Lantern Review | Issue 8.1

Luisa A. Igloria

Mare Dolor

Everywhere is heart-rending wail,
everywhere consternation, and death
in a thousand shapes . . .


Lie back down in the earth
next to the stones and roots—

A wind has blown open all
the doors of the house.

Cabinet doors have come
unhinged; ripped floorboards

have upended the furniture.
No one can speak directly

of what happened here.
But we cannot set a table

straight again. It hurts
to lie in the grass

as night with its thousand
perforations engulfs you.

Never full, never empty—

the way fields look right after gleaning,

the way a city looks in the early hours
when at last the restaurants and pubs are closing

and the workers who have collected their tips
make their way to this place they know

(workers only) where you can get the red-eye special,
chilaquiles, or caldo like someone’s mama

used to make back in the day; coffee, eggs on toast
with sriracha—Never fevered but always

at a pitch, the way the temperature of a body
that has known nothing but to be in flight

would melt the ice on the porch just standing still—
For such is the life of the never here, never there,

the ones with such beautiful names—of course
they come from other worlds right here

within our own: Quarmaine, whose single
rhinestone earring chimes its light along

with the cash register’s as he rings up the goods
but pauses to ask how to make wontons, which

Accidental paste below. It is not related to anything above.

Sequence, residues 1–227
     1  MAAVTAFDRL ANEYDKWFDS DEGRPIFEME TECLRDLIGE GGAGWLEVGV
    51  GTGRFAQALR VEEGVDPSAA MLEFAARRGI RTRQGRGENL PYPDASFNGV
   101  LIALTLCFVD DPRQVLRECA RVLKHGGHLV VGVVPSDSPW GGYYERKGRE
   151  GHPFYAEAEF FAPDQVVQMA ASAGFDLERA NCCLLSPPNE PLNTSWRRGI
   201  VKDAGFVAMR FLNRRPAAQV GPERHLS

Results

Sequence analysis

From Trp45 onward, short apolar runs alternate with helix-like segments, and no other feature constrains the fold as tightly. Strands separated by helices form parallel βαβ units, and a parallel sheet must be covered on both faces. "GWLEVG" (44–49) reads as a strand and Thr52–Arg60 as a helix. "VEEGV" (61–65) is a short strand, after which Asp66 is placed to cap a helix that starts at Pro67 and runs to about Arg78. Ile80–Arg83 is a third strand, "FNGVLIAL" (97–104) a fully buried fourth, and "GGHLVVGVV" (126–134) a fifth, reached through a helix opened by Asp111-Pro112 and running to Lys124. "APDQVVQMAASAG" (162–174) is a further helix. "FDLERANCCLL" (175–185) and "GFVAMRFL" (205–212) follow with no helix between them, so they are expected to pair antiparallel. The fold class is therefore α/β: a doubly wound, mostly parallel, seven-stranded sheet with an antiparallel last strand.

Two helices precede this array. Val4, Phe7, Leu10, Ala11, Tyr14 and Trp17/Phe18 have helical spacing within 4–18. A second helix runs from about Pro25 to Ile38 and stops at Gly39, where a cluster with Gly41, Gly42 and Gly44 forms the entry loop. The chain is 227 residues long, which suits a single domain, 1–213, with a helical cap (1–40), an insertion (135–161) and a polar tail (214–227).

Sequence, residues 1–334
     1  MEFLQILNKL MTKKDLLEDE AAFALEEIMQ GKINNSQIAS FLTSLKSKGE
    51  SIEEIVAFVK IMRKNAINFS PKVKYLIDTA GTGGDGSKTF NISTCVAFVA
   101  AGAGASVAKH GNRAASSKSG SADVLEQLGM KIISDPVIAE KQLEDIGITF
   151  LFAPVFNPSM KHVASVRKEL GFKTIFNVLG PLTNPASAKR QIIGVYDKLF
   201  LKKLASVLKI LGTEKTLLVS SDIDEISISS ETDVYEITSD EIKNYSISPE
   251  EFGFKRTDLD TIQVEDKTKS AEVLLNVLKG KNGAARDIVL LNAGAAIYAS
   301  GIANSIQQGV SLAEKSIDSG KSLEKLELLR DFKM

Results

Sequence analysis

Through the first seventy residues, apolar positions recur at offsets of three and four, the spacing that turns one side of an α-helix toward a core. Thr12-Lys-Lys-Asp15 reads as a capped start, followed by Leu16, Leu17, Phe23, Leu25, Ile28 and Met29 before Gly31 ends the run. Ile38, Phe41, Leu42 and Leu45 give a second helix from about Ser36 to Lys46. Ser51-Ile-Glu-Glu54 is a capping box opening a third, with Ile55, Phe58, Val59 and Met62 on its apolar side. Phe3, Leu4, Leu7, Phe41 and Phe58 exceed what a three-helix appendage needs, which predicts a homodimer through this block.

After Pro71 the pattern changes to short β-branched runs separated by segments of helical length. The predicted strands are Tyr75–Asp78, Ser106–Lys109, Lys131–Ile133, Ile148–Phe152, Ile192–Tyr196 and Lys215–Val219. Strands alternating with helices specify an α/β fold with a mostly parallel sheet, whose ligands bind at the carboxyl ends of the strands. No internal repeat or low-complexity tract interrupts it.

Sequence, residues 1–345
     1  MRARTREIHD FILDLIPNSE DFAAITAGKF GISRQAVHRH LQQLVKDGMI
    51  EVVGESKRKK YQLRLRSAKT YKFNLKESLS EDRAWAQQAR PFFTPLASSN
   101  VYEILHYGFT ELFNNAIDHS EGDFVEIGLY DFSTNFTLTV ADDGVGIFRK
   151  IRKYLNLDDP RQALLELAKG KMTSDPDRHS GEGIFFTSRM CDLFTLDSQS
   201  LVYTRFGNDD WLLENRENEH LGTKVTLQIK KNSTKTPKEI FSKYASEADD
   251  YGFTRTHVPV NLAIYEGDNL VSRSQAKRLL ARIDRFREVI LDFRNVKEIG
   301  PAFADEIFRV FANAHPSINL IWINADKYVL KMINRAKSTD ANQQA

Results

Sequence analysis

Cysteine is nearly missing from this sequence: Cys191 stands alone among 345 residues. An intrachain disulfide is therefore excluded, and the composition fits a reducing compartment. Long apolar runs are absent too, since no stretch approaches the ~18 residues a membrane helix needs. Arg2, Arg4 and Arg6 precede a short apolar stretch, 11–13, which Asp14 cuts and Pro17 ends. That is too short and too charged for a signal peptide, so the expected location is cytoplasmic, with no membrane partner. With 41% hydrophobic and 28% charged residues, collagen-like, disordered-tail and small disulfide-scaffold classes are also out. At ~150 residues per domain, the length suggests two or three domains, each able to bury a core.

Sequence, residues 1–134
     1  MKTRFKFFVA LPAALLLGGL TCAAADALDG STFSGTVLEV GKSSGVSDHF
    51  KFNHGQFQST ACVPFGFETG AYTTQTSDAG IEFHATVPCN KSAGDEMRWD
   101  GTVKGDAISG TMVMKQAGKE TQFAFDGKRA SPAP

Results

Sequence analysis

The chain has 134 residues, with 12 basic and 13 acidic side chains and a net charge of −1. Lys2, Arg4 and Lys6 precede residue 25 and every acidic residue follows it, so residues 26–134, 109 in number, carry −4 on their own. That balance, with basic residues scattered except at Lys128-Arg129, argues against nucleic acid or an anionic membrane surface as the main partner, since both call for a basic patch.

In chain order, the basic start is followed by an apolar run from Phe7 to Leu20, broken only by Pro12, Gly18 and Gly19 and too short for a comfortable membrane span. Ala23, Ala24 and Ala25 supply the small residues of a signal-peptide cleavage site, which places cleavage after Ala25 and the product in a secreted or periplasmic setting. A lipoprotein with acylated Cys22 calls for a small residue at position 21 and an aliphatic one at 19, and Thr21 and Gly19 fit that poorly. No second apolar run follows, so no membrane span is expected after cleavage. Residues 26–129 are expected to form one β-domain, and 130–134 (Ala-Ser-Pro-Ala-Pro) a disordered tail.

he adores. And Ravi, who packs my groceries,
listening as I list ingredients and describe

with my fingers how to pull the moist
corners of each square into a kind of bud.

And I say drink the soup when it’s scalding hot,
make lots of it to share—For it is always never dark,

or never light, or never something or other enough;
it’s never good enough, we are never going to be

good enough for whatever it is the jurors say it is
this time around, sitting in a circle like trees

that ring the frozen pond, their branches
heavy with the weight of all that sifted cold.

Photo of Luisa A. Igloria Luisa A. Igloria is one of two cowinners of the 2019 Crab Orchard Poetry Open Competition for her manuscript Maps for Migrants and Ghosts (forthcoming from Southern Illinois University Press in September 2020). In 2015, she was the inaugural winner of the Resurgence Prize (UK), the world's first major award for ecopoetry. She teaches on the faculty of the MFA creative writing program at Old Dominion University, which she directed from 2009–2015. • Photo by Chuck Thomas

Return to the top of the page ▲